Trial court correctly instructed jury with “kill zone” theory of attempted murder liability where defendant shot through closed doors at pursuing police officers. Mumin was convicted of special circumstance murder after he killed a man during a store robbery, as well as several counts of attempted murder for shooting at pursuing police. The trial court instructed the jury on a kill zone theory of attempted murder liability. On appeal, Mumin argued the evidence was insufficient to warrant a kill zone instruction. Held: Affirmed. When a single act is charged as the basis for the attempted murders of two or more persons, the intent to kill element must be proved independently as to each alleged victim. A so-called “kill zone” instruction is only proper when: (1) the circumstances of the defendant’s attack on a primary target are such that the only reasonable inference is that the defendant intended to create a zone of fatal harm and to kill everyone present to ensure the primary target’s death; and (2) the alleged attempted murder victim who was not the primary target was in that zone of harm (People v. Canizales (2019) 7 Cal.5th 591). In this case, the parties disputed the proper standard of review of a trial court’s decision to instruct on this theory: Mumin argued the reviewing court must find that the only reasonable inference from the evidence is that the defendant had the requisite intent; respondent asserted it is sufficient if the reviewing court concludes the evidence supports a reasonable inference that the defendant had the necessary intent, even if an opposite inference is also reasonable. The court agreed with respondent. Here the evidence was sufficient to warrant a kill zone instruction because defendant fired a number of shots through several doors that police were attempting to enter to arrest him, intending to kill anyone who might be behind either door. [Editor’s Note: The court disagreed with In re Rayford (2020) 50 Cal.App.5th 754, which held the reviewing court must be convinced that the only reasonable inference from the evidence is that the defendant had the requisite intent.]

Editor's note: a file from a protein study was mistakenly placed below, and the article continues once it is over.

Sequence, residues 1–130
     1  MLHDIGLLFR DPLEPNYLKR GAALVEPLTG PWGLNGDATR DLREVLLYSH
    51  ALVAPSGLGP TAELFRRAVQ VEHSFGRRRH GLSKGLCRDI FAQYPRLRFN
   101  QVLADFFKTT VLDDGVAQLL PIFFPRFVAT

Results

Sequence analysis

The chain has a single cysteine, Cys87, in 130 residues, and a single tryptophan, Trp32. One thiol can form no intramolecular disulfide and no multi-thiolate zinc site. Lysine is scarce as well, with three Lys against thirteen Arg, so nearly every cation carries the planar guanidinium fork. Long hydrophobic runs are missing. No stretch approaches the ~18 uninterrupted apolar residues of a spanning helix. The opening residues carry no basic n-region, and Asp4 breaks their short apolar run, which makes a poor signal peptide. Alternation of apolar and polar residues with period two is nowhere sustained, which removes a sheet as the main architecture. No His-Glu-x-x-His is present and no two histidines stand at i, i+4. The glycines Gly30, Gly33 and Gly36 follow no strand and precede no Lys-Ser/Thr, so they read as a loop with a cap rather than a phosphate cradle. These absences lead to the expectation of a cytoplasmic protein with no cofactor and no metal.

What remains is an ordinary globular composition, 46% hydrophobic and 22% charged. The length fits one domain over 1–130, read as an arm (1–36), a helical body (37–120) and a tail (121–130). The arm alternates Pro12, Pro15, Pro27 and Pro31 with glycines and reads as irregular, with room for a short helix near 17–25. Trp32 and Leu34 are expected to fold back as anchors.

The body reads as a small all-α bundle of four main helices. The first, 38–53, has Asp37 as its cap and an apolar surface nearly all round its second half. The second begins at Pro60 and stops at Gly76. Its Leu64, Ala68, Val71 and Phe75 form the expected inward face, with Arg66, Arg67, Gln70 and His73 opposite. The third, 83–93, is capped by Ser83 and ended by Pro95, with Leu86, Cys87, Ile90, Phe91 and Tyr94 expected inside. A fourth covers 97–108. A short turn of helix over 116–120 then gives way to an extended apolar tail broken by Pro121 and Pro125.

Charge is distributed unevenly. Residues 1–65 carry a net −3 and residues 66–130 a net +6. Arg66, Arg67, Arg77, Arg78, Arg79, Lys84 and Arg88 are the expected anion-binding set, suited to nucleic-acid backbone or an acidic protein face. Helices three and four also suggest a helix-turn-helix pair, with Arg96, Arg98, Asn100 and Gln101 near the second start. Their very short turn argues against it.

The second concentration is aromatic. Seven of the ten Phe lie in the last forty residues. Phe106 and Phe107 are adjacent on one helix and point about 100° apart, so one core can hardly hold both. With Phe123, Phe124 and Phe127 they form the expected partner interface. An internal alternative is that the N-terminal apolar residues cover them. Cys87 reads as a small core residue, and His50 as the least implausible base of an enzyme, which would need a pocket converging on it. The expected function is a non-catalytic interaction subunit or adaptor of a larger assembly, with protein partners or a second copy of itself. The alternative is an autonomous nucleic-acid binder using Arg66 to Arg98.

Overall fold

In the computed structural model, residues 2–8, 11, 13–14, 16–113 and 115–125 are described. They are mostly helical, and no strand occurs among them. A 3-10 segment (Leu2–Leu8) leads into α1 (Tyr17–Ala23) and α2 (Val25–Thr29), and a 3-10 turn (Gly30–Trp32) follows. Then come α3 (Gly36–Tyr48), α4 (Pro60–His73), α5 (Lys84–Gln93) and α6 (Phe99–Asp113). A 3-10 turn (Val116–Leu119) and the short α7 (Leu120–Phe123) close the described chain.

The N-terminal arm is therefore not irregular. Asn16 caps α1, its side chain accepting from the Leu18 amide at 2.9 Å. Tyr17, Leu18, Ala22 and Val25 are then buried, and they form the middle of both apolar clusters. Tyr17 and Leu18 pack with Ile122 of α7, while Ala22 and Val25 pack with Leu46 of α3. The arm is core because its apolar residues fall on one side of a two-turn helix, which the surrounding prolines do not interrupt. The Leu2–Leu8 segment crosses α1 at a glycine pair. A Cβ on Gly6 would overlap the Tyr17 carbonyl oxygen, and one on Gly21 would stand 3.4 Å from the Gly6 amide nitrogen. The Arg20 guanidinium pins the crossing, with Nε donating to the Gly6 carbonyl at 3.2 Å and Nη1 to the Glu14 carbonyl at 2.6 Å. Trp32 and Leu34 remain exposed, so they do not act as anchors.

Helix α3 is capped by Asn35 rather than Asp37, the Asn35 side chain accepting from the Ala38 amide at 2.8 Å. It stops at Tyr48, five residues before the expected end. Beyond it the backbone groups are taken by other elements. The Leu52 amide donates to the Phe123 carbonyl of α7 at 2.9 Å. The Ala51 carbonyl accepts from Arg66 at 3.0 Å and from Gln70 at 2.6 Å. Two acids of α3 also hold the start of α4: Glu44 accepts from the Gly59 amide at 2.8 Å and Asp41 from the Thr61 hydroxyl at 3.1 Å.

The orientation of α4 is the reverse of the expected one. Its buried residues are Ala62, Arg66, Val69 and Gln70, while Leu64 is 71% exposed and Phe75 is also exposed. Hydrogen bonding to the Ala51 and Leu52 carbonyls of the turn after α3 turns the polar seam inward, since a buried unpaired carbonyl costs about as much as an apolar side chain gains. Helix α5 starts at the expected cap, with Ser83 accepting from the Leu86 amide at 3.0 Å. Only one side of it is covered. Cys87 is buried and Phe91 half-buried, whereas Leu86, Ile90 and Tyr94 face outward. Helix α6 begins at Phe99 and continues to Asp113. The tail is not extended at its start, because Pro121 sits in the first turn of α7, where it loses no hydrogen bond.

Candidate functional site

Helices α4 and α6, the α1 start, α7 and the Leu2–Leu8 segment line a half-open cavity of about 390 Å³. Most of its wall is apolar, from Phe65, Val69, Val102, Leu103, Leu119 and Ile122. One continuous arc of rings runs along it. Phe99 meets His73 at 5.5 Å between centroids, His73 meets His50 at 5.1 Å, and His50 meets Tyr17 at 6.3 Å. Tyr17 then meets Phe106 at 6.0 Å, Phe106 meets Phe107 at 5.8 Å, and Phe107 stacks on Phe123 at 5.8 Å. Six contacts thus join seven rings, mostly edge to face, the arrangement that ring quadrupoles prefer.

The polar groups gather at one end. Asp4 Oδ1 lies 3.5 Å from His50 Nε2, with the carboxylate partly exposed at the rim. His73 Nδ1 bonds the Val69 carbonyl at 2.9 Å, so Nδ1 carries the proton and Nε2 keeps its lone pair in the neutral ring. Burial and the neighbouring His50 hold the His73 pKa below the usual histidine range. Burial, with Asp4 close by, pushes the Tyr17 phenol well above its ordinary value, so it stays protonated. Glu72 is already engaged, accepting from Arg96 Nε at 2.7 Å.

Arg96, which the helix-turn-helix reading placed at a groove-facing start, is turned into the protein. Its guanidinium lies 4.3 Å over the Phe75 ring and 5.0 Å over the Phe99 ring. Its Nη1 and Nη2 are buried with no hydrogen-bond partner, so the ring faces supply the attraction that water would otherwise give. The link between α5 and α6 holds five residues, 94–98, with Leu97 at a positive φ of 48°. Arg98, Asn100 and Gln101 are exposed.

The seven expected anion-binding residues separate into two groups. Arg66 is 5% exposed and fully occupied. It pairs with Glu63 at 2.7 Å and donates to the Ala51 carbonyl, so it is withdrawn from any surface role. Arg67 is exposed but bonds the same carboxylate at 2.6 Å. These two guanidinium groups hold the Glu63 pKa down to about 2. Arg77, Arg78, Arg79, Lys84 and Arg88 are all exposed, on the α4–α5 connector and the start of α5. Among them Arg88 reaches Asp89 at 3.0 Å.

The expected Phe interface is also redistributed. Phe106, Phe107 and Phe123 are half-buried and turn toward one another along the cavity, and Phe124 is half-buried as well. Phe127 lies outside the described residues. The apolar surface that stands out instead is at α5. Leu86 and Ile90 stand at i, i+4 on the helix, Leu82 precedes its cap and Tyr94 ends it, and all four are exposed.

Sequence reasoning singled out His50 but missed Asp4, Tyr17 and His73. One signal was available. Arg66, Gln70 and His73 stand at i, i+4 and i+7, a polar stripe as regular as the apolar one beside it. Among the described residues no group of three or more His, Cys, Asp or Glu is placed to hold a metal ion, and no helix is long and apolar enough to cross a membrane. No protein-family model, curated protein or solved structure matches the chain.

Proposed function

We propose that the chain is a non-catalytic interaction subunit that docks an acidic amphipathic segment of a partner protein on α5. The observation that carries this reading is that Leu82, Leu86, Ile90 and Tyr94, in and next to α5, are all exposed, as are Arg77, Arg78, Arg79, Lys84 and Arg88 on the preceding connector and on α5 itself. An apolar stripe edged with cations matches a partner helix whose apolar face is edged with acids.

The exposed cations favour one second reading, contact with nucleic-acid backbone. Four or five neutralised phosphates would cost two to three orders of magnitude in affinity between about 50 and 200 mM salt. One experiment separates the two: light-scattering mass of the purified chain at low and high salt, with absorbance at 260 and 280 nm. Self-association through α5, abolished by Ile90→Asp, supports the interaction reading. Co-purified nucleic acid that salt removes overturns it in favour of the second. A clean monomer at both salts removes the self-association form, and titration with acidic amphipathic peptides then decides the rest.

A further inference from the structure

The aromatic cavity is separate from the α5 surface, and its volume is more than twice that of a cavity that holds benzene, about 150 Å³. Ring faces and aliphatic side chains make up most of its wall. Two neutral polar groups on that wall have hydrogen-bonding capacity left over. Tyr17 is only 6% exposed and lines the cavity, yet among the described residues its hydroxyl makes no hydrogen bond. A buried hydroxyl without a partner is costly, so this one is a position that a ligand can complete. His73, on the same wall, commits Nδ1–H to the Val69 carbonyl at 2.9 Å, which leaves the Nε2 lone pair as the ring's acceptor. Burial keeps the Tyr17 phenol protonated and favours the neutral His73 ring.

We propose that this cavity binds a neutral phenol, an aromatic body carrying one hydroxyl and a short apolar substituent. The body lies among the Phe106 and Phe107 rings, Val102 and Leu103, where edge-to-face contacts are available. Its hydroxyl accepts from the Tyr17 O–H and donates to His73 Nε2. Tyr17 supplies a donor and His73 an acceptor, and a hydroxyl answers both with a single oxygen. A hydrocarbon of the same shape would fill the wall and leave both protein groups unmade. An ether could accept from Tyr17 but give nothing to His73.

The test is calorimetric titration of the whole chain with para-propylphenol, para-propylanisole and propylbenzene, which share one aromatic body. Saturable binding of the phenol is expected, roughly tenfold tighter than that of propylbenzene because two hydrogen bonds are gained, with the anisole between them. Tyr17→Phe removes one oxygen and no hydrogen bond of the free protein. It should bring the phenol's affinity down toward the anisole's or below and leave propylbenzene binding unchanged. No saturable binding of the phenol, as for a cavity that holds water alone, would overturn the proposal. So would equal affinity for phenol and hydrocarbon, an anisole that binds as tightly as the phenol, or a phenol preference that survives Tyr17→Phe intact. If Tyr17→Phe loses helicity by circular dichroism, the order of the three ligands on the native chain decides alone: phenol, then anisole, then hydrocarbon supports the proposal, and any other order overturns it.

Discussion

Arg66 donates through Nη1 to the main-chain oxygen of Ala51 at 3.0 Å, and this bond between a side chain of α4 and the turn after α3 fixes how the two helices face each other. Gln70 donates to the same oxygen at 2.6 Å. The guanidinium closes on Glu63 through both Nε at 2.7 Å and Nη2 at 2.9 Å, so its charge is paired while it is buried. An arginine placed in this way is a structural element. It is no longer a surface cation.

Any issue regarding the trial court’s questioning of defense counsel following closing argument was forfeited for lack of objection. During closing argument, defense counsel admitted some of the allegations involving Mumin’s assault on police, instead emphasizing a challenge to the attempted murder counts. After the court excused the jury, the court asked counsel whether she had discussed this strategy with the client (see McCoy v. Louisiana (2018) 584 U.S. __ [138 S.Ct. 1500, 1510] [counsel may not admit her client’s guilt of a charged crime over the client’s objection].) Mumin’s counsel responded, “I would wait till everyone is out of the room.” The court said, “So the answer is yes?” Mumin’s counsel answered, “Yes.” The transcript did not reflect whether there were any pauses or delays between the statements. On appeal, Mumin argued the court committed misconduct by asking defense counsel questions about her strategy in the jury’s presence. However, Mumin forfeited this issue by failing to object to the court’s questions. In any event, there was no prejudice resulting from the court’s questions as it is unlikely a lay jury understood that the question was unusual in any way and it did not imply any criticism of counsel’s argument.
Defendant’s convictions for assault with a semiautomatic firearm (Pen. Code, § 245, subd. (b)) should be vacated because they are lesser included offenses of assault on a peace officer with a semiautomatic firearm (§ 245, subd. (d)(2)). In general, a person may be convicted of more than one crime arising out of the same act or course of conduct (Pen. Code, § 954), but may not be punished for both (Pen. Code, § 654). “A judicially created exception to the general rule permitting multiple conviction prohibits multiple convictions based on necessarily included offenses.” “The greater offense of assault on a peace officer with a semiautomatic firearm (§ 245, subd. (d)(2)) includes all of the statutory elements of the lesser offense of assault with a semiautomatic firearm (id., subd. (b))plus the additional element that the assault must be upon the person of a peace officer” who the defendant knows is engaged in the performance of his duties. Thus, Mumin may not be convicted of both sets of assault offenses.
The full opinion is available on the court’s website here: https://www.courts.ca.gov/opinions/documents/D076916.PDF